Canberrans confront Telstra over broadband hell

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Canberrans confront Telstra over broadband hell

Telco will compensate with credits on 'case by case' basis.

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Telstra faces the prospect of compensation claims from hundreds of angry Canberra residents after admitting that it shaped ADSL services to under 50 percent of advertised speeds to deal with congestion issues - without informing customers.

Chris Taylor, general manager for Telstra Countrywide in the Australian Capital Territory and South Eastern New South Wales, delivered the news whilst confronted by frustrated customers at a community meeting in Gungahlin, a suburb synonymous with broadband troubles.

Taylor told customers affected by the shaping of ADSL traffic - a policy Telstra instituted in an attempt to cope with lack of backhaul investment in the area - that they could apply to the telco on a "case by case basis" to be granted service credits.

The Gungahlin Community Council meeting - postponed in June 2010 - saw Taylor bombarded with horror stories from residents crying out for better broadband services for the better part of 15 years.

A history of problems

One by one, residents from the suburb told their horror stories - beginning with ACT Broadband activist Russell Gillon, who described how a lack of adequate broadband services in the area had crippled its economy.

Gillon claimed - and Telstra denies - that the company had promised to spend $20 to $30 million on laying fibre optic cable in Gungahlin (specifically for schools) in 1995.

"Many people moved into this community hoping they'll get access to that [network]," he said.

Gillon complained that the area never attracted office workers as a result - "local businesses didn't flourish," he said, leading to a "flagging economy in Gungahlin."

The dreaded RIM

For most of the last 15 years, Gungahlin residents were served by RIMs - remote integrated multiplexers - that Taylor said were a "good cost-effective way [for Telstra] to meet its Universal Service Obligation (USO) and deliver fixed telephone services" during the 1990s.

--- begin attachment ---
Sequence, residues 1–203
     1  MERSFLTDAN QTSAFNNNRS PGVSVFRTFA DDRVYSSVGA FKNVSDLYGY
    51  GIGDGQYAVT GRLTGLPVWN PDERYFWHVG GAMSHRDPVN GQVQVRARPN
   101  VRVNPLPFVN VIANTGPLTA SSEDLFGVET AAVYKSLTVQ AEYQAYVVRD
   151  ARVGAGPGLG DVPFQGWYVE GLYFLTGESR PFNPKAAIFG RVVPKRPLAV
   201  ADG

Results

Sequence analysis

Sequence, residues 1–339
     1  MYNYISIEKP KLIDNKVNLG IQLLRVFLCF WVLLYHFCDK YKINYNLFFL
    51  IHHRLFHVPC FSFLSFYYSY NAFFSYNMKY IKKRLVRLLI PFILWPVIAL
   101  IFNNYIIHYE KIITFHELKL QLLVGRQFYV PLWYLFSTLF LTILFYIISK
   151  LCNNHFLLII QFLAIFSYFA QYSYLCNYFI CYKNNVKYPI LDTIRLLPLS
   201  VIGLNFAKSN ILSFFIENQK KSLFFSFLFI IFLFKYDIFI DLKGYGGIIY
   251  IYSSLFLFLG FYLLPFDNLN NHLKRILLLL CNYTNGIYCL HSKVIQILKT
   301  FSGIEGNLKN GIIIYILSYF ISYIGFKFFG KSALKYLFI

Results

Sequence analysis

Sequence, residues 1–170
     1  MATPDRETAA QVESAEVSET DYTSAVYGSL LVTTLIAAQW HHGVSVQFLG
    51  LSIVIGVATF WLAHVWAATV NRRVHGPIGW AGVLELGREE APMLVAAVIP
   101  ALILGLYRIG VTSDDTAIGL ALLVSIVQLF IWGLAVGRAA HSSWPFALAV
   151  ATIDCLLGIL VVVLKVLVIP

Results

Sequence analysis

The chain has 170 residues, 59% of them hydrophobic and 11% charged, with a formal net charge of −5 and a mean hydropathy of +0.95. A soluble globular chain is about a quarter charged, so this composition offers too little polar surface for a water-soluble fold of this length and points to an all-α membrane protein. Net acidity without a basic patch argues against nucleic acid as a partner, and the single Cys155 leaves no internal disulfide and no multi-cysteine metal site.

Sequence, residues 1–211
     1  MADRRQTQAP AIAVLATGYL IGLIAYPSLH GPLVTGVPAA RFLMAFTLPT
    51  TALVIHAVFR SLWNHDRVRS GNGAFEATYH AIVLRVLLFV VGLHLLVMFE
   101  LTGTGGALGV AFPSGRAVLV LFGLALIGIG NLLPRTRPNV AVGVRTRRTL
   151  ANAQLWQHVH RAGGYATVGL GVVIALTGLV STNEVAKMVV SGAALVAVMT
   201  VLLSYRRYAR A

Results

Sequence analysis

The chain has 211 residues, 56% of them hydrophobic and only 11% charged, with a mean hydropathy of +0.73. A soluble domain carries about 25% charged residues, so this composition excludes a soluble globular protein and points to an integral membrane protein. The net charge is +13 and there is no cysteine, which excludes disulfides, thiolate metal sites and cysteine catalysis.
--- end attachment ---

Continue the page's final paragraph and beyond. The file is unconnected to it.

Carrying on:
The USO, he explained, didn't require Telstra to offer anything beyond dial-up speeds. The rest was at the company's commercial discretion.

The limitations of the technology - which is connected to exchanges via fibre but to homes via copper - became apparent at the turn of the millennia, as Australians began to enjoy the higher speeds of ADSL services - beginning at 256k and quickly rising to theoretical peaks of 1.5Mbps and later 8 Mbps.

But residents in Gungahlin, like other areas serviced by RIMs, were unable to upgrade.

"RIM technology couldn't provide ADSL," Taylor explained. "Unless you were on copper directly from the exchange, you couldn't get ADSL."

It "took two or three years" for Telstra to develop a hardware fix (adaptor card) to allow ADSL to be delivered from RIMs.

Gillon, speaking for the residents, complained that it took eight years for Telstra to roll out that fix, leaving Gungahlin residents stranded on RIMs while other Australians enjoyed ADSL and later ADSL2+.

But Taylor said that Telstra was still spending millions on upgrades - experimenting with rolling out CMUX (customer multiplex) technology - which would again allow Telstra to meet its USO, but could also offer around half the residents a version of ADSL.

Congestion and shaping

Once Gungahlin residents were finally granted access to ADSL, the service became congested due to a lack of backhaul.

"Working from home exploded this decade," Taylor said. "With only 8 megabytes of backhaul available, and everyone using it together, people would have seen the speed deteriorate."

Taylor insisted that this was "not a fault in [Telstra's] exchange" as commonly reported at the time. "It's purely an issue of take-up versus backhaul on that RIM or CMUX."